Torger Peterson Finds Ohop Valley and Builds a Road to Rainier

Torger Peterson family
Torger, Asse, and children Anna Elena and Peter

The following is one of two memoires written by Torger Perterson (courtesy of Gary Hendrickson). Torger was an original settler of Ohop Valley and tells here how he came, settled and worked to get a roads in place — including one to Mount Rainier.

Torger Perterson
I was born the 22nd day of January, 1855 on my Father’s farm (Langtvet) in Holtsogn Norway. This farm had reverted from father to son for over three hundred years.

My Father’s name was Peter Haaversen; my Mother’s name was Anna Togesdatter Goderstad.

We had a very good common school, and I was confirmed at the age of 14. From the time I was nine years old, I would herd my Father’s cattle and sheep, and on a high hill out in the woods, I could see the ocean and the ships sailing, and would wish that I might some day go on these ships and see the foreign land.

At the age of 15, I went to sea as a cabin boy at $3.00 per month. The next year I got $4.00 per month. Able seamen $9.00 per month; First Officer $14.00 per month; Second Officer $12.00 month. Captain $50.00 per month and 5% of gross earnings.

When I was 21 years of age, I took my examination as a Navigator and had a Masters’ certificate at that age. The same year I married Aase Elena Olsdatter Goderstad Holtsogn. I sailed as an Officer for a few years and got badly hurt and quit. Went into the logging business and ship building, but the small wooden ships that we would build could not compete with the big steel vessels and steamers, so I made up my mind to go to America, and to the City of Tacoma in the State of Washington. I had heard that Tacoma was just starting up at the terminus of the Northern Pacific Railroad on Puget Sound and my intention was to build schooners for the Coasttrade.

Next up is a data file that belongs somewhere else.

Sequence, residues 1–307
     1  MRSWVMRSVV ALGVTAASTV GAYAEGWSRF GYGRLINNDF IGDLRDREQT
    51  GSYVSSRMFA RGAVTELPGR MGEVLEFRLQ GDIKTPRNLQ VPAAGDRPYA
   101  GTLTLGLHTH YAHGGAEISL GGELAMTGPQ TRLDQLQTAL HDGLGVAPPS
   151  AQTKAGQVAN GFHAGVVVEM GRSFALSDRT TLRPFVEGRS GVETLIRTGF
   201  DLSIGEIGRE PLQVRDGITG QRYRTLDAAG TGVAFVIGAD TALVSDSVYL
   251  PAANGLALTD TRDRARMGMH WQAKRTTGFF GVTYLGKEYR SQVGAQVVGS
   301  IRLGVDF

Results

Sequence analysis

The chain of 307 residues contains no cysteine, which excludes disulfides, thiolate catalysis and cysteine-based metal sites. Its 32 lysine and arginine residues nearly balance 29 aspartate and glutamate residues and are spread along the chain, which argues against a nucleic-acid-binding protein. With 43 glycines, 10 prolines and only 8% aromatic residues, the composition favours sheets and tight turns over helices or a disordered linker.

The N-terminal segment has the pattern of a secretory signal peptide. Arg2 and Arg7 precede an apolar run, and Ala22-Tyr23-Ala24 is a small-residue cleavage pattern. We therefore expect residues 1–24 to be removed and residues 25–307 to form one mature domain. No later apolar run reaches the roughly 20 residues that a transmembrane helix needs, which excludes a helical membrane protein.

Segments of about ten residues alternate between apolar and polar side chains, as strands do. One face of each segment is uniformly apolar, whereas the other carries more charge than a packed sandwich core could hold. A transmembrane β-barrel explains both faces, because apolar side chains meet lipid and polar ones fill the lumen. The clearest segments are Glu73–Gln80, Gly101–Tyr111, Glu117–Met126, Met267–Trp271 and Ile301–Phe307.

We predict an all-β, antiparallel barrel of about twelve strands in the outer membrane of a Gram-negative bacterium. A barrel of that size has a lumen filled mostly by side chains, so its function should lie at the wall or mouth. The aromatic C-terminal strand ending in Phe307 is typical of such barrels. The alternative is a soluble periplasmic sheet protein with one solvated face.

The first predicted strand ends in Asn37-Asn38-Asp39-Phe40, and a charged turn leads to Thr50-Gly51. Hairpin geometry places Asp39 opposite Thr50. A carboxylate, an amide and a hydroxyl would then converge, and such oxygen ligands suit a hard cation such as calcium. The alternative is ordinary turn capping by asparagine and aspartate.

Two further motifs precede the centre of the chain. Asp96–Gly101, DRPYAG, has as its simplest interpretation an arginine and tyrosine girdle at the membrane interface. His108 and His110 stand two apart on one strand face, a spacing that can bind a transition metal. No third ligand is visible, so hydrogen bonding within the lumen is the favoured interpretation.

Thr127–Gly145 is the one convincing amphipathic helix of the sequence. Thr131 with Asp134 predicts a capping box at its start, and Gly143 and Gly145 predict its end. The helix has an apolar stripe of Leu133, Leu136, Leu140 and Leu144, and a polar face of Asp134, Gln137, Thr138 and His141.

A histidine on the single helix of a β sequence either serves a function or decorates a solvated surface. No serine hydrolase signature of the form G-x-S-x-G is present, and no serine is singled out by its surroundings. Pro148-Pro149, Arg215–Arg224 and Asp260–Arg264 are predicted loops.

Torger Peterson
Torger Peterson, County Commissioner

On my trip from Norway to Tacoma, I stopped off in Ashton, Dakota Territory to rest my family and also to visit relatives who lived there, and they persuaded to take up land and go farming.

When I decided to take up land, I went to the County seat 12 miles out on the prairie to take out my intention papers to become a citizen. The Clerk asked me my name, and I told him Torger Peterson Langtvet. He fixed up my papers and I paid him the necessary fee and put the papers in my pocket without looking at them. When I came back to Ashton, I looked over my papers and found that the Clerk had omitted the name Langtvet, and hand my name recorded as Torger Peterson. He no doubt thought that was a good enough name for a Swede.

I made the first wagon track fourteen smiles South from Ashton on the Milwaukee Railroad to the Missouri River, going due West and there I located. The first year’s crop was destroyed by grasshoppers; the second year’s crop was destroyed by a hot wind that lasted three days and cooked everything. I then made up my mind it was about time to go there I originally planned, Tacoma.